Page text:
Covid: Boris Johnson urged to share coronavirus vaccines with rest of the world

Boris Johnson receives a Covid vaccine earlier this year. Credit: PA

Boris Johnson has a "moral duty" to show "global leadership" in the run up to the G7 summit by pledging to do more to vaccinate developing nations, according to more than 100 cross-party MPs and peers.

With the prime minister chairing a gathering of the most economically powerful countries in the world in Cornwall from June 11, politicians are calling on him to commit to a one in, one out policy when it comes to vaccines.

For every dose bought for use in Britain, the signatories want the UK government to donate a dose to the United Nations-backed Covax scheme, which is providing vaccines to low and middle-income countries.

It comes as the World Health Organization, the International Monetary Fund, World Bank Group and the World Trade Organization used a joint plea across a range of international newspapers to call for richer countries to give more Covid vaccines to poor nations or risk new variants bringing fresh lockdowns.

Currently in the UK, 39,379,411 or 74.8% of UK adults have had at least one dose of a Covid jab, while 25,537,133 or 48.5% have had both immunisations.

Nearly three-quarters of all adults have had a Covid jab. Credit: PA

In a letter backed by senior Tory MPs Peter Bottomley and Dr Dan Poulter, a former health minister who has worked on the frontline during the pandemic, the signatories said there is “clear moral imperative to act to close the global vaccine divide”, as well as a “rational case…to stop the threat of variants emerging abroad and taking root in the UK”.

Others putting their name to the letter include former shadow chancellor John McDonnell, former archbishop of Canterbury Lord Carey, former Green Party leader Caroline Lucas, Margaret Thatcher’s former health minister Baroness Hooper and ex-leader of the Liberal Democrats Lord Campbell.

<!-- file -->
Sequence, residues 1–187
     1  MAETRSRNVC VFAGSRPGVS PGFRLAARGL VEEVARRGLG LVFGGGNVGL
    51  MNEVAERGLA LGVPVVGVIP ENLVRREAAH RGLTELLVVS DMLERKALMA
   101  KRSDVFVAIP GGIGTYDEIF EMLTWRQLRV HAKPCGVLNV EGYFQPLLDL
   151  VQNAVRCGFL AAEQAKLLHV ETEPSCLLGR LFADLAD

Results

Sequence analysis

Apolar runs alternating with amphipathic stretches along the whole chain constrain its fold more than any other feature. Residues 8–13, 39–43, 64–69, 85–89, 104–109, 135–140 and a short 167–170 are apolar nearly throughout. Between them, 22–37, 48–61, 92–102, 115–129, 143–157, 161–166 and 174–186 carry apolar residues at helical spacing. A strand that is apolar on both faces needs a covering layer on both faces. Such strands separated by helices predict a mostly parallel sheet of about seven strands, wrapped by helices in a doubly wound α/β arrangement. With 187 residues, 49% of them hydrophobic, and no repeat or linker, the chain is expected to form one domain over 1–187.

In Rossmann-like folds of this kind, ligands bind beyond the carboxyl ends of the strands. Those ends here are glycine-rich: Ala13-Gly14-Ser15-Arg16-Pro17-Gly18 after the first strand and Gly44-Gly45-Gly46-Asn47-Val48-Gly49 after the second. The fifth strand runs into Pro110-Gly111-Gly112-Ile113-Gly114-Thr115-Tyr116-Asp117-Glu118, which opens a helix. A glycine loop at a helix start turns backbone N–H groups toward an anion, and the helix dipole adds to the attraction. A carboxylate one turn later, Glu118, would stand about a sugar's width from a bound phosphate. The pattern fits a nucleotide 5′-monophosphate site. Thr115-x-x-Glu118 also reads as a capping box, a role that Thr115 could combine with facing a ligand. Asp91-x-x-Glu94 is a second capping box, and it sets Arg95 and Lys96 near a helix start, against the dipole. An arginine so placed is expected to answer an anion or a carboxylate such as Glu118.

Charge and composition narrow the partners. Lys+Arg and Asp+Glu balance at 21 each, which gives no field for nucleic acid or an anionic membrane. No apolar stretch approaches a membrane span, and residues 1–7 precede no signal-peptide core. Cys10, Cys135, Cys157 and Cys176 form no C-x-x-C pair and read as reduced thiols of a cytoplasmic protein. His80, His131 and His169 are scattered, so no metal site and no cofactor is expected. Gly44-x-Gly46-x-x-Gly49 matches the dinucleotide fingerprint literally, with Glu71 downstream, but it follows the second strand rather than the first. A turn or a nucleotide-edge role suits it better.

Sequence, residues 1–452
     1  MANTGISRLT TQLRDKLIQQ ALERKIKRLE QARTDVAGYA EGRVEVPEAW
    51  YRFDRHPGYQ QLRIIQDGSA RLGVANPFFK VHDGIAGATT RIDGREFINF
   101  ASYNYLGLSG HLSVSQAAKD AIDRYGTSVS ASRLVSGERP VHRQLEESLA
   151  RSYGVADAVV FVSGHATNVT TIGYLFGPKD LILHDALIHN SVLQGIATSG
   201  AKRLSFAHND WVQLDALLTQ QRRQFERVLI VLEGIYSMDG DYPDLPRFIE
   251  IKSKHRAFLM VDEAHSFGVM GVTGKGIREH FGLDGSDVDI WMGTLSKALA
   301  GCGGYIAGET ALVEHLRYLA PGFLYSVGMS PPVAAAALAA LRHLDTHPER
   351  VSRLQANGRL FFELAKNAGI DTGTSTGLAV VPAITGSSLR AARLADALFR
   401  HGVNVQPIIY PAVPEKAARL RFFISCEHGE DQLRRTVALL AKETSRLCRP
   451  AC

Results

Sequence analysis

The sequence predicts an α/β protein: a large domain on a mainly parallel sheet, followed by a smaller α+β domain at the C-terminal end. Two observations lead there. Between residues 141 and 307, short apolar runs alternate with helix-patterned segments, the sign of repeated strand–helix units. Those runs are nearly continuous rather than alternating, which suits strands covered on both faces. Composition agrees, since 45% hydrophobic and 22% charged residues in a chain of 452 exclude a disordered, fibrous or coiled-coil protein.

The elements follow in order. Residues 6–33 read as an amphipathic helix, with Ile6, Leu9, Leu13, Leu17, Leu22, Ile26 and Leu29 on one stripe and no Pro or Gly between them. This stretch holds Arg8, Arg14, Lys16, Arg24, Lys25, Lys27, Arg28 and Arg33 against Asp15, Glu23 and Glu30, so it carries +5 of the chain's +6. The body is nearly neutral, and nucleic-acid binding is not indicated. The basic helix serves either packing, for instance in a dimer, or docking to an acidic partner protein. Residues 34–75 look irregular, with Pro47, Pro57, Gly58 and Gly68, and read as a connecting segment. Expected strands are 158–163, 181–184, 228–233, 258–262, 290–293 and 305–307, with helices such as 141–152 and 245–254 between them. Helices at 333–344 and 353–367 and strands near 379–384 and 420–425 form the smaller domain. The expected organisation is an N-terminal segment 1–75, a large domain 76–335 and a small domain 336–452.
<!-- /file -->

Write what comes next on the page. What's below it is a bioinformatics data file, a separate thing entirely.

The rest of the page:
Co-ordinated by the all-party parliamentary group (APPG) on coronavirus, the letter said: “The longer we wait to act, the more likely it is that dangerous variants could emerge that can evade the protections offered by current vaccines.

“The UK has an opportunity to use the G7 summit to show leadership on this critical issue and demonstrate that ‘global Britain’ is more than just a slogan.

“While the UK has rightly committed funding to Covax, we remain a net importer of Covid-19 vaccines.

“The APPG on coronavirus therefore recommends that the UK must immediately adopt a policy of vaccine matching, in which for each dose of the vaccine imported, one dose is donated to Covax.

“This will help meet the urgent demand for vaccines in low and middle-income countries around the world.

(PA Graphics) Credit: PA Graphics

“The UK mustn’t miss the opportunity provided by the G7 summit to lead the way in promoting more equitable global access to Covid-19 vaccines.”

The 116 peers and MPs said the UK, once it has boosted its manufacturing capacity, should aim to “become a net vaccine exporter”.

The decision to write to the prime minister comes after Professor Andrew Pollard, who helped develop the Oxford/AstraZeneca vaccine, warned the group that “many millions could die between now and September” if vaccines are not more widely distributed across the globe.

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The group said European countries, including Germany, France and Italy, had committed to donate at least 100 million doses of coronavirus vaccines to middle and low-income countries before the end of the year.

The UK government has so far only committed to donating surplus shots in future to Covax, they said.

Health Secretary Matt Hancock has previously said that the UK “has probably done more than any other nation to help vaccinate the world’s poorest” through its support for the Oxford vaccine, which accounted for almost a third of the global tally of Covid jabs administered as of May 19.

He said the government had also donated more than £500 million to Covax, which has delivered vaccines to 120 countries and territories.